“Loved it. Reads like philosophical poetry.”Joseph S wrote this review Wednesday, October 16, 2013. ( reply | permalink ) Was this review helpful? Yes | No
“Idealism has no place in modern policy! u will understand better this saying after reading this book.”chamomile wrote this review Tuesday, October 8, 2013. ( reply | permalink ) Was this review helpful? Yes | No
“The best book on American electoral politics ever written. Watching the sausage-makers make sausage.”Bill Keeney wrote this review Monday, September 9, 2013. ( reply | permalink ) Was this review helpful? Yes | No
“This is one of the books I've read many times. It's a story of public and personal corruption, and no punches are pulled. The "King" is Willie Stark, a not very fictional stand-in for Louisiana Governor Huey Long, who begins as a backwoods innocent and ends as a flawed politician. Along the way, his personal integrity is diminished as well. The narrator, Jack Burden, observes Willie's rise and fall with a wry detachment, until he realizes that he shares Willie's all too human combination of the ideal and the truth.”Alan Thompson wrote this review Saturday, August 24, 2013. ( reply | permalink ) Was this review helpful? Yes | No
“My husband read this years before me and thought the author, Robert Penn Warren was too descriptive. I agree that some spots were descriptive but there was beauty in the words that made the book likable. I really felt for the main character Jack Burden, especially the flashback of his first love. It made you wonder if things had gone differently with them would certain people be alive or doing something different.
The things I disliked were probably the things I was suppose to dislike. For example, the corruption in politics and in life. Relationships in the book were for the most part pretty bleak and sad.
I can not say I loved this book or that I disliked it. I liked it a lot more than I thought I would and found some beauty in the misery of Jack’s life.”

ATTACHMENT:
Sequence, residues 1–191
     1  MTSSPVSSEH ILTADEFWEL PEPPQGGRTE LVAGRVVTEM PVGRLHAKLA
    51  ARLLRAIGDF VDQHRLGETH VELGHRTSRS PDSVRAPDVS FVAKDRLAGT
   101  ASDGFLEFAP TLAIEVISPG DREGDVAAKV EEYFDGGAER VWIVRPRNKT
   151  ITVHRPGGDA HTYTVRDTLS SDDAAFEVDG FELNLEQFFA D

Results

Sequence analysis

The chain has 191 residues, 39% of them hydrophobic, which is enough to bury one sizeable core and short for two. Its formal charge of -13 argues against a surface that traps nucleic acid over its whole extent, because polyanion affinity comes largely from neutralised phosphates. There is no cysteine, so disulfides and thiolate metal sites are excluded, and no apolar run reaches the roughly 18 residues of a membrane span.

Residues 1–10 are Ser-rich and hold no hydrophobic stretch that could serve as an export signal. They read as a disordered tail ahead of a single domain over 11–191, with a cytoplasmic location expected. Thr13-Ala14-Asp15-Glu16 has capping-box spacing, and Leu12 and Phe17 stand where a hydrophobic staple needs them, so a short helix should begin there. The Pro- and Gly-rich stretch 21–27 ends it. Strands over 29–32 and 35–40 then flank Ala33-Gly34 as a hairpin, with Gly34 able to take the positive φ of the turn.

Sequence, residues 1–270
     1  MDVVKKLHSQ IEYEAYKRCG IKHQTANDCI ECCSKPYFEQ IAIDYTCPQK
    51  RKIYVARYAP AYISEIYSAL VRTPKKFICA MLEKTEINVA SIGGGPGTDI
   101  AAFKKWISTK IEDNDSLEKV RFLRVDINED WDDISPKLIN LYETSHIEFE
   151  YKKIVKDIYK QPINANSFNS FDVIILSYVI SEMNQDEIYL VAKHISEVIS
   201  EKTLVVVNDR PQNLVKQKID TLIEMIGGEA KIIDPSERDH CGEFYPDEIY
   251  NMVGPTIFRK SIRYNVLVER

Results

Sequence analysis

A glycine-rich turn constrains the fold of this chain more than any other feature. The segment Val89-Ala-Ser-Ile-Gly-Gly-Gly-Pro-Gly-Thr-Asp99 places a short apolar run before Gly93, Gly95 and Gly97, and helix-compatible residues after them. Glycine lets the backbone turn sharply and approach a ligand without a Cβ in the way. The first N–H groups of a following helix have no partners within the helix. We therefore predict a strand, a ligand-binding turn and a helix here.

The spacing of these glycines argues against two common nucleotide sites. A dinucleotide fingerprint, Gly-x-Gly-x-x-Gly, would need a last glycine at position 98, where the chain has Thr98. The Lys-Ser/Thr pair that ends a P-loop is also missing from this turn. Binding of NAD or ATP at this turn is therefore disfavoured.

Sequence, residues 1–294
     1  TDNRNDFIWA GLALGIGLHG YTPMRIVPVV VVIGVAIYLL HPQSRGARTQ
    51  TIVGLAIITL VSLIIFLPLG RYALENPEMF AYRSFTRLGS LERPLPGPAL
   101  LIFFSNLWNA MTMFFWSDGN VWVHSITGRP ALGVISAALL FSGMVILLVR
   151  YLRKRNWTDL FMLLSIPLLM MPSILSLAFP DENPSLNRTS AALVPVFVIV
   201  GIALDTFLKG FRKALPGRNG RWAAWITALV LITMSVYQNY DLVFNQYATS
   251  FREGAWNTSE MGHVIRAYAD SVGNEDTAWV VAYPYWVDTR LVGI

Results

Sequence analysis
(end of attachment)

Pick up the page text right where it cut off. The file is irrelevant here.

“WSJ guest recommendation as one of the top five book's about the American Civil War.”Jjerden wrote this review Monday, April 8, 2013. ( reply | permalink ) Was this review helpful? Yes | No
“I was a small-town newspaper reporter when I read this, but I could never capture what RPW did with this book. He knew all that stuff about road contracts and school boards and what things "really" meant. I ate up the parts about Lex. I did find the "trick" of postponing or not telling the event in question highly annoying. ”Slacker Mom wrote this review Tuesday, March 12, 2013. ( reply | permalink ) Was this review helpful? Yes | No
“Fantastic book. It's great to read a classic that is timeless and relevant to the corrupt social and political establishment.”Luke S wrote this review Thursday, February 28, 2013. ( reply | permalink ) Was this review helpful? Yes | No
“"There is nothing more alone than being in a car at night in the rain. I was in the car. And I was glad of it. Between one point on the map and another point on the map, there was the being alone in the car in the rain. They say you are not you except in terms of relation to other people. If there weren't any other people there wouldn't be any you because what you do, which is what you are, only has meaning in relation to other people. That is a very comforting thought when you are in the car in the rain at night alone, for then you aren't you, and not being you or anything, you can really lie back and get some rest. It is a vacation from being you." pg 192. "The person who loves you has picked you out of the great mass of uncreated clay which is humanity to make something out of, and the poor lumpish clay which is you wants to find out what it has been made into. But at the same time, you, in the act of loving somebody, become real, cease to be a part of the continuum of the uncreated clay and get the breath of life in you and rise up. So you create yourself by creating another person, who, however, has also created you, picked up the you-chunk of clay out of the mass. So there are two you's, the one you yourself create by loving and the one the beloved creates by loving you. The farther those two you's are apart the more the world grinds and drudges on its axis. But if you loved and were loved perfectly then there wouldn't be any difference between the two you's or any distance between them. They would coincide perfectly, there would be a perfet focus, as when a stereoscope gets the twin images on the card into perfect alignment." page 424. ”Katie Douglass wrote this review Tuesday, January 22, 2013. ( reply | permalink ) Was this review helpful? Yes | No
“For the historian there is hardly a more important novel, to my mind there's hardly a better one, period. "For nothing is lost, nothing is ever lost. There is always the clue, the canceled check, the smear of lipstick, the footprint in the canna bed, the condon [sic] on the park path, the twitch in the old wound, the baby shoes dipped in bronze, the taint in the blood stream. And all times are one time, and all those dead in the past never lived before our definition gives them life, and out of the shadow their eyes implore us. That is what all of us historical researchers believe. And we love truth."”Alec Shuldiner wrote this review Tuesday, January 22, 2013. ( reply | permalink ) Was this review helpful? Yes | No